A civil defendant who waited three months to challenge a default judgment worth £101m has been given another chance to fight the claim.

Stephen Houseman QC, sitting as a deputy high court judge and ruling in Mountain Ash Portfolio Ltd v Vasilyev, said the defendant Boris Vasilyev had managed to set aside the default judgment ‘by the skin of his teeth’ and only on the condition that he paid the claimant’s costs incurred.

The judge also criticised Vasilyev’s solicitors, global firm Dentons, over delays in making a set-aside judgment, highlighting the large number of lawyers involved with the case.

The court heard that the defendant was being pursued over a debt said to be due from a shareholders guarantee going back to 2007. Vasilyev disputes the authenticity of his purported signature on the guarantee. Proceedings were commenced in April 2020 but he contended that he was not made aware of them prior to the default judgment being entered last September. The court heard submissions that Vasilyev had not received the claim pack at his home address in Moscow until after the default judgment was made, and the judge concluded ‘with some hesitation’ that the defendant was not aware of proceedings.

Royal Courts of Justice

The court heard that Dentons’ costs claimed so far are £345,000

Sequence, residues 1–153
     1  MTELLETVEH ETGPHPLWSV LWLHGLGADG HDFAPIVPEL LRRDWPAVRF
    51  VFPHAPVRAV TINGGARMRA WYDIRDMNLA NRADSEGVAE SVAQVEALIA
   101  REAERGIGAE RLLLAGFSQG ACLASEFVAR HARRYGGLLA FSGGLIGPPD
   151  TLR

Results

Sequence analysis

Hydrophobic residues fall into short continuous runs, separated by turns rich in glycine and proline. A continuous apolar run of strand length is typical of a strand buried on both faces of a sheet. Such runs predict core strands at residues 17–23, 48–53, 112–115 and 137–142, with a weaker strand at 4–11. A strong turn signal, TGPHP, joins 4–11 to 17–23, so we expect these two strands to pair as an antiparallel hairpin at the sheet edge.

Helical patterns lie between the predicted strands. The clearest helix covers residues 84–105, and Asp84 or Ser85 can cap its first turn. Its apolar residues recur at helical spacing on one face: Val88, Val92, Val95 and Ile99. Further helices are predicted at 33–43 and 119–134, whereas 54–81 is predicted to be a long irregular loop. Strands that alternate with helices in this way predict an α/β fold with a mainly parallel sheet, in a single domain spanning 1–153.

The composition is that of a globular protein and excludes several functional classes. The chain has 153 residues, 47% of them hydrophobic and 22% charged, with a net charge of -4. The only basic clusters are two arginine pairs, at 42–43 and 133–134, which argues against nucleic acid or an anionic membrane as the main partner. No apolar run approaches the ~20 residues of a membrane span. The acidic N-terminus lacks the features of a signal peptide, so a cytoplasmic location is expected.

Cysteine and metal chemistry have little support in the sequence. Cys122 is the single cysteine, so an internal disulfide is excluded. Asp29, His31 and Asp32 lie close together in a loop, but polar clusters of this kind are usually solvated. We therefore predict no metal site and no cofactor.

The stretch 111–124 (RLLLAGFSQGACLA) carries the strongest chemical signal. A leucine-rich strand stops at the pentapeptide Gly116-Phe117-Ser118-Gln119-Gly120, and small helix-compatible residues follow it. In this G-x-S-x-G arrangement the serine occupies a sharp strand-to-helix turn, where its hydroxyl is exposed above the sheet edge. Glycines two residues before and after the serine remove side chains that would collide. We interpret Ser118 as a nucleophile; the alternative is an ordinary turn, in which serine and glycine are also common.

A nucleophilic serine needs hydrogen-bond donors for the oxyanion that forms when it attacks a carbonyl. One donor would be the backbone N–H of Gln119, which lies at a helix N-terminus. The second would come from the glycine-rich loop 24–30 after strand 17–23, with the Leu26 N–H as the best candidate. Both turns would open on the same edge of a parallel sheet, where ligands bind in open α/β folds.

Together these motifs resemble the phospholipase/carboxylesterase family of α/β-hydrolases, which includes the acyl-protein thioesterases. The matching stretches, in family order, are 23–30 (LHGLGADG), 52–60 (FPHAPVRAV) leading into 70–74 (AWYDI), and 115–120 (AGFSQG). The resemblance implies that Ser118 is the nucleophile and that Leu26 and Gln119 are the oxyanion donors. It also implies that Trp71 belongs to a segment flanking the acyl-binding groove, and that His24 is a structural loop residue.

Source: Darren Filkins

There was less sympathy over the 15-week delay in challenging the default judgment. Vasilyev instructed Dentons in London in October but the set-aside application was not made until February this year. This was a ‘startling amount’ of time with ‘nothing prompt about it’, the judge said. 

The defendant said he needed this period to investigate underlying matters and request information. He was also ill during November which caused another three-week delay.

Even if the court accepted that it took until December to find evidence about the original guarantee, the judge said there was no explanation why it took another five weeks to issue the application. He said Dentons ought to have appreciated that time was pressing but still waited 11 business days to make enquiries on a central issue.

The court heard that Dentons’ costs claimed so far are £345,000, based on three partners plus a team of associates being engaged on the matter. The judge said that solicitors who do not ensure an application is made promptly risk their client being unsuccessful and stuck with a default judgment on avoidable procedural grounds.

He added: ‘The impression from the file in this case is that Dentons did not move this matter forward with utmost diligence and dispatch. The set-aside application could and should have been made sooner.’

The judge said his decision was ‘right on the line’ but allowed the application partly because the defendant deserved the chance to contest proceedings of this nature and scale.

‘The magnitude of the default judgment is a factor feeding into the balance of injustice on the present application,’ he added.